|Publication number||US6798992 B1|
|Application number||US 09/518,070|
|Publication date||Sep 28, 2004|
|Filing date||Mar 2, 2000|
|Priority date||Nov 10, 1999|
|Also published as||CA2324182A1, CA2324182C, DE60022721D1, DE60022721T2, EP1099970A2, EP1099970A3, EP1099970B1|
|Publication number||09518070, 518070, US 6798992 B1, US 6798992B1, US-B1-6798992, US6798992 B1, US6798992B1|
|Inventors||David John Bishop, Randy Clinton Giles|
|Original Assignee||Agere Systems Inc., Lucent Technologies Inc.|
|Export Citation||BiBTeX, EndNote, RefMan|
|Patent Citations (4), Non-Patent Citations (1), Referenced by (34), Classifications (30), Legal Events (7)|
|External Links: USPTO, USPTO Assignment, Espacenet|
This application is based on U.S. Provisional Application Ser. No. 60/164,459 filed on Nov. 10, 1999.
1. Field of the Invention
The present invention pertains to fiber optic communications systems and, more particularly, to monitoring devices and methods for monitoring shifts in optical crossconnect configurations utilizing micro electromechanical systems (MEMS) tilting mirror arrays.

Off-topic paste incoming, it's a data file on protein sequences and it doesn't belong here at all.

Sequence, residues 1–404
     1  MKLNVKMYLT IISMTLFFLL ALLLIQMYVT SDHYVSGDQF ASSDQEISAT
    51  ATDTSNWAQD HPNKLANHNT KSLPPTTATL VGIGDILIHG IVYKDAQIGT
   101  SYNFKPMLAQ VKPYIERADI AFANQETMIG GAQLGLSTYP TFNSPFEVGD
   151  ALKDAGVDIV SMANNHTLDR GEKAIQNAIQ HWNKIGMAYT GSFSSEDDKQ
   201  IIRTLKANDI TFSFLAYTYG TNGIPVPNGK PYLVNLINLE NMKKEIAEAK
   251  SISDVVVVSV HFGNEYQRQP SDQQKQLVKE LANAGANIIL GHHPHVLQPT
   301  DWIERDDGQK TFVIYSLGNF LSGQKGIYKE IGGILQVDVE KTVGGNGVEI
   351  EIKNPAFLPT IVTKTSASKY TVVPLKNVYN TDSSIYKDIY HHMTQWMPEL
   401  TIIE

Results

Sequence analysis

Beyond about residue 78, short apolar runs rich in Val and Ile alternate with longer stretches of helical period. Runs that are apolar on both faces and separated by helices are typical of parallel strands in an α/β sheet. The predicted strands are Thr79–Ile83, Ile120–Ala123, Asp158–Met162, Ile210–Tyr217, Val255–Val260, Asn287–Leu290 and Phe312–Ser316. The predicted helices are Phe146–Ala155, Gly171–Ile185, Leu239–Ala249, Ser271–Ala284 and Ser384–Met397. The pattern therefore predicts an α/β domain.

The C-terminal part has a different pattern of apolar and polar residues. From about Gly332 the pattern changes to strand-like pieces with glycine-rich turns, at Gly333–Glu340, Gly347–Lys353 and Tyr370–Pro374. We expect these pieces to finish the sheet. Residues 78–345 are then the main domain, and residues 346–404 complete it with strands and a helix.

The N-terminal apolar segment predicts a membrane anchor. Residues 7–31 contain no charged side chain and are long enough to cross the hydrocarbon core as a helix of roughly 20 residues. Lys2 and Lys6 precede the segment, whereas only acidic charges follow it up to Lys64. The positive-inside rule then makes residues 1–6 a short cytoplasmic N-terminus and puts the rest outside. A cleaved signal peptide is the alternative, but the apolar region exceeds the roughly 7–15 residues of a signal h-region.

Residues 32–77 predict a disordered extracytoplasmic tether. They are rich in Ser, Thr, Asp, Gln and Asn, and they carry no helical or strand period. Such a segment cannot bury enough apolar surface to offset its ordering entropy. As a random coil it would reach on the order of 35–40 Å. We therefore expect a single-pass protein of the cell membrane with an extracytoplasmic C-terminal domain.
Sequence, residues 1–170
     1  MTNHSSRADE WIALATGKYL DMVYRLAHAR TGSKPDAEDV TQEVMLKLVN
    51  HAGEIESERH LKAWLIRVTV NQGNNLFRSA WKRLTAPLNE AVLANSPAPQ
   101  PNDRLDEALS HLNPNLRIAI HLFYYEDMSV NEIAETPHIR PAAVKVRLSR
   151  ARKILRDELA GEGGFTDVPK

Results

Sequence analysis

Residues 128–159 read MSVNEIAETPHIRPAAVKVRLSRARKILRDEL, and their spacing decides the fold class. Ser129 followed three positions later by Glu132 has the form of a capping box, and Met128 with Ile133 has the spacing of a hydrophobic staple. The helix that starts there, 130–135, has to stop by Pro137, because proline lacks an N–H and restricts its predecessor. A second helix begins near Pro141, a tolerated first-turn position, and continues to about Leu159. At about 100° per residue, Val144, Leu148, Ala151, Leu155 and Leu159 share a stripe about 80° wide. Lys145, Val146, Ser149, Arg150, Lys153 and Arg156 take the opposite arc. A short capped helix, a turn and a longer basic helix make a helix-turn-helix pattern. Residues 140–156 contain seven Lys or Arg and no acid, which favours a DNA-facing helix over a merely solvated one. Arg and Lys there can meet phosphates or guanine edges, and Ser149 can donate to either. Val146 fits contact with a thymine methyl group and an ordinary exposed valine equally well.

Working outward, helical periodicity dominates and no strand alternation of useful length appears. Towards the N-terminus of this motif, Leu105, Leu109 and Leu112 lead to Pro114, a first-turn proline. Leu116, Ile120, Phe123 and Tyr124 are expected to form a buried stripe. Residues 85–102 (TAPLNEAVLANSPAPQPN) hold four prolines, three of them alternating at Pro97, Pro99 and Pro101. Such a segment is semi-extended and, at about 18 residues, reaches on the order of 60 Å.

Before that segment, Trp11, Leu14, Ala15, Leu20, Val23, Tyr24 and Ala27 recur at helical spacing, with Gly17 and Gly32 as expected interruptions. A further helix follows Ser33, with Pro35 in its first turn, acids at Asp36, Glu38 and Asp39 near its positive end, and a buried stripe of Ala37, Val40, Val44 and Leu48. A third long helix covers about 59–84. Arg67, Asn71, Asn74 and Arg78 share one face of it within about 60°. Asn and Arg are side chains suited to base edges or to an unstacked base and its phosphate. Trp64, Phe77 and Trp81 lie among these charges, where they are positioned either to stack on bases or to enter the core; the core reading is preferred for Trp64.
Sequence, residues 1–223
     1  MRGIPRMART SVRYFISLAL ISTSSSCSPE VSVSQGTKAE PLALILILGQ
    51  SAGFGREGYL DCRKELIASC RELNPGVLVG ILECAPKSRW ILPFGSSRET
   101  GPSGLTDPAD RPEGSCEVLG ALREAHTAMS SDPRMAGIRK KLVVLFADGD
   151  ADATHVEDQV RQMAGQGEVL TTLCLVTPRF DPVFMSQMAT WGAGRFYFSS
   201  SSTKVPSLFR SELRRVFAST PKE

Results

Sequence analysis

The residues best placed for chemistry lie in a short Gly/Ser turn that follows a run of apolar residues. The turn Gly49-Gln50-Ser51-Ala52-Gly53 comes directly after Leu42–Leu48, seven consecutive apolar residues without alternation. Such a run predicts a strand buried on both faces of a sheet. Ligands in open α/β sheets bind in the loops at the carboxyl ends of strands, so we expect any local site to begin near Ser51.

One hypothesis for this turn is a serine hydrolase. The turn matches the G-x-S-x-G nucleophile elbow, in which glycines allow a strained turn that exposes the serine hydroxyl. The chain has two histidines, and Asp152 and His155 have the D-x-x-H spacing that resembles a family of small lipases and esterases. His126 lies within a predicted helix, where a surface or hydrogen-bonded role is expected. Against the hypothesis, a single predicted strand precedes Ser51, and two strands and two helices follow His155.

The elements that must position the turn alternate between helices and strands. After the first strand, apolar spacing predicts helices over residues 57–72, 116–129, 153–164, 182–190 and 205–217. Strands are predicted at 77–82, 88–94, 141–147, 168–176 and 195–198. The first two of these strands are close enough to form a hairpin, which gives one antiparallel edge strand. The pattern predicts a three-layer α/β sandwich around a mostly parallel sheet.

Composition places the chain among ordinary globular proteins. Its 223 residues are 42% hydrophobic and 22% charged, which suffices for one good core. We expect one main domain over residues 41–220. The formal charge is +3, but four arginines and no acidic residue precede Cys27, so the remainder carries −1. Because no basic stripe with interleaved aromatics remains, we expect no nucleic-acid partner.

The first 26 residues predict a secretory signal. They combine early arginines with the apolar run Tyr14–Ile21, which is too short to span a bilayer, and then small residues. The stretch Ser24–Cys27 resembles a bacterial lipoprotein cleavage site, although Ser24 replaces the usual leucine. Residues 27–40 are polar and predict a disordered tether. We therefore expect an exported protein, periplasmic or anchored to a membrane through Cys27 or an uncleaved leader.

2. Description of the Related Art
In fiber optic communication systems, signal routing is essential for directing an optical signal carrying data to an intended location. Existing routing techniques typically experience optical power loss due to inefficient coupling of optic signals between input and output fibers. This increases the dependence on optical power sources (e.g., pump lasers) which are used to compensate for power losses by injecting optical power back into the optical system. The need for optical power sources increases the overall cost of the optical system.
Another criteria for signal routing is the ability to direct a signal received from one of a plurality of input fibers or ports to any of a plurality of output fibers or ports without regard to the frequency of the optical signal.
Free-space optical crossconnects allow interconnecting among input and output ports in a reconfigurable switch fabric. An example of such an optical crossconnect utilizing mirco-electromechanical systems (MEMS) tilting mirror devices is disclosed in commonly owned and copending U.S. patent application Ser. No. 09/410,586, filed Oct. 1, 1999. By adjusting the tilt angles of the MEMS mirror devices, optical signals can be directed to various destinations, i.e. to numerous output fibers.